Historical Rings William Griffith and Sons
It wasn’t lost, just mislaid, so having unearthed I dusted it off and had a good look. The picture has 22 rings with descriptions and is labelled Historical Rings, William Griffith & Sons, Ring Manufacturers, Birmingham. Whoever had this must have been sufficiently interested in the history of rings to have it framed. When I turned it over I could see on the back is labelled Chas Speight, Printseller and Frame Maker London Road Kettering. I think it must have been my Great Grandfather Arthur Augustus Thornton who was the original owner and it is from him that I have inherited my love of the history of jewellery.
Early Saxon Ring
Sterling silver multi bar ring £65 our ref 104295
Sterling Silver double s shaped ring £48 ref 104288
Sterling silver two band twist ring £38 ref 104287
It would be fantastic to think that I had examples of all the rings shown in the picture, who wouldn’t love to have the rings worn by Sir Walter Raleigh, Charles I and William Shakespeare, but what I thought I would do is have a look at some of the rings in the picture and consider how they influence the rings we wear today.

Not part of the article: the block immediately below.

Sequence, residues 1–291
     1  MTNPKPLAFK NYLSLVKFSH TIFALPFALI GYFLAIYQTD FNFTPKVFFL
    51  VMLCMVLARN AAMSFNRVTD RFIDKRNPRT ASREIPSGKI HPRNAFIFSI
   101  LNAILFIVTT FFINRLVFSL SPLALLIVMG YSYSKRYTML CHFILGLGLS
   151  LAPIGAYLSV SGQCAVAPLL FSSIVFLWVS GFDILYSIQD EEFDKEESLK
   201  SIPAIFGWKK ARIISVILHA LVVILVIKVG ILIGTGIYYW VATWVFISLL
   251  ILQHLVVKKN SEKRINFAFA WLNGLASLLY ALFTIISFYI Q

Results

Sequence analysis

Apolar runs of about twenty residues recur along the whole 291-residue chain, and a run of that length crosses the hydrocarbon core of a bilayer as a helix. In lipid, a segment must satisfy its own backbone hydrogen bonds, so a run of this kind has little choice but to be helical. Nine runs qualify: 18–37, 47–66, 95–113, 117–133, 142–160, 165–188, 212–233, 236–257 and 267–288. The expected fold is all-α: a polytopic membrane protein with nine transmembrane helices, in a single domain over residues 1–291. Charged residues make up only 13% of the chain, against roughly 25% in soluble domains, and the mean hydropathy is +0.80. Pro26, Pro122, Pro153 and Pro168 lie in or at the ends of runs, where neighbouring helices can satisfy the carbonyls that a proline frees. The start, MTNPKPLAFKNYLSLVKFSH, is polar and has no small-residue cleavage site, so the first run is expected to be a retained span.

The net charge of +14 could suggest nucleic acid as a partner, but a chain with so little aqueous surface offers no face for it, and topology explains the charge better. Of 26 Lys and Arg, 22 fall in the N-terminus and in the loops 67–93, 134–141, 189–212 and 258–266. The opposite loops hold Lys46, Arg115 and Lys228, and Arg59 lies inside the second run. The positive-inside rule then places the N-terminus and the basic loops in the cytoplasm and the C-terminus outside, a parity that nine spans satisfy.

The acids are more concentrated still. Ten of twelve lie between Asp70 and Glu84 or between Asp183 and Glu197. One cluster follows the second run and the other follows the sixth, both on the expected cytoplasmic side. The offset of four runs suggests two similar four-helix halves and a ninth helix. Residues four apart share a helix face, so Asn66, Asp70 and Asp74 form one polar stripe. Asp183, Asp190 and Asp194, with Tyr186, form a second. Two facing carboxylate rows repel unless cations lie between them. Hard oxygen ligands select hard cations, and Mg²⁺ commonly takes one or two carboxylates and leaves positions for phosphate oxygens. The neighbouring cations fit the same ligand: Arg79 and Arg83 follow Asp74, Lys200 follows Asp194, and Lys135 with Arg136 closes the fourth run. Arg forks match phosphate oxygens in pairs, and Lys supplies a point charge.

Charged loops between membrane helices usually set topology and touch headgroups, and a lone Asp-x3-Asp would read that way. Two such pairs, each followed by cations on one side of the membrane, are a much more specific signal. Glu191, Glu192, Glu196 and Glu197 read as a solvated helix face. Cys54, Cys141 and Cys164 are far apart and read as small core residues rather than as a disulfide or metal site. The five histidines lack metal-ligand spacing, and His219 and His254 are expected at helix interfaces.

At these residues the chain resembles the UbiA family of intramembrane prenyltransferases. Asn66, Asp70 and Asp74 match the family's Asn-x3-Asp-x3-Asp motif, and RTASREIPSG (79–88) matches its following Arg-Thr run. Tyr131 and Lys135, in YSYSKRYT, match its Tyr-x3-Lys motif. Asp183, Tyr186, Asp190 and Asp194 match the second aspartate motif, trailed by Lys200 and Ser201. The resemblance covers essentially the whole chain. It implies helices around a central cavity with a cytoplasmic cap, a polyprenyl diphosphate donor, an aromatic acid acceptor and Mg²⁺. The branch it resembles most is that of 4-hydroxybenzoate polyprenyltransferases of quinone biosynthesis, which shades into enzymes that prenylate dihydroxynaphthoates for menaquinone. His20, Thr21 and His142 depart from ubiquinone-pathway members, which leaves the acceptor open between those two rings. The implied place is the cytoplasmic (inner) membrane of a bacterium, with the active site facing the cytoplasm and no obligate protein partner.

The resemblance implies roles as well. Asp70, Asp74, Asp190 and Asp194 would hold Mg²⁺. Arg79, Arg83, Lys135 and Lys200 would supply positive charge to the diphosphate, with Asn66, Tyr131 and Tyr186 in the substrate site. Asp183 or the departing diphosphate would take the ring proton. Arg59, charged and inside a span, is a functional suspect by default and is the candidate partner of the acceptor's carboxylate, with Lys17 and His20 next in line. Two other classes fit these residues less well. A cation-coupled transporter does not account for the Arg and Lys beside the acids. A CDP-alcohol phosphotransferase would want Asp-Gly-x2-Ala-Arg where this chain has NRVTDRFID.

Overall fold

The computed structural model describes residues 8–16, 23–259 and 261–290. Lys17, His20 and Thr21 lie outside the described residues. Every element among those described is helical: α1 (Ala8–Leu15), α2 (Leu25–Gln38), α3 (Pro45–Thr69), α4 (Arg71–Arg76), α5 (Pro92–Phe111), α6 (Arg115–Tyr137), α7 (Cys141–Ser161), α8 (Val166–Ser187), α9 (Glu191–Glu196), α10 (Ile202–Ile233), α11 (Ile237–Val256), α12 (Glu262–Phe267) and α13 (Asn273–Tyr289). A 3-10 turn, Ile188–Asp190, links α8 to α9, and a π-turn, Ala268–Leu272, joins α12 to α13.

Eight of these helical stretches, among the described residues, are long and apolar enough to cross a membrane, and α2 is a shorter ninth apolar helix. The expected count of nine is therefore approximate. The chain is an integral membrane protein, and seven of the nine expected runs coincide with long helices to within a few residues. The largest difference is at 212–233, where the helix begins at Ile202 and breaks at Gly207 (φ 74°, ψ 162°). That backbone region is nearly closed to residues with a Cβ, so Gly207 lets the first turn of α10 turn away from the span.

I am going to start with the Early Saxon ring which is in the centre of the picture and then the Pagan Ring which is on the right. You can see the influence of these simple wire rings on the work of contemporary designers and their work in silver.
Gold Pagan Ring
Sterling silver hammered effect ring £42 our ref 104290
Sterling silver S shaped ring £49 our ref 104289
Early christian ring
I have also noticed that many rings in the picture are engraved in some way and a number of them appear to be signets. Signet rings originated amongst religious leaders and pharaohs and were used to mark & seal document with a unique family crest. So signet rings were so individual they could be considered a fingerprint indeed the word signature derives from Medieval Latin signatura, to sign or seal.
You can see that modern Signet rings have changed very little and are sometime sold complete with the wax to make your own seals. We are often asked to seal engrave, which is much deeper, or hand engrave a family crest or a particular design so creating your own piece of history as the pharaohs once did.
2 signet rings one of William Shakespeare and one of a Pharaoh
Seal engraved signet ring
Engraved signet ring
Plain signet ring
Seal signet ring
Engraved signet ring
Next month I will pick out some more of the rings in the picture and see if I have something similar in our historical collection.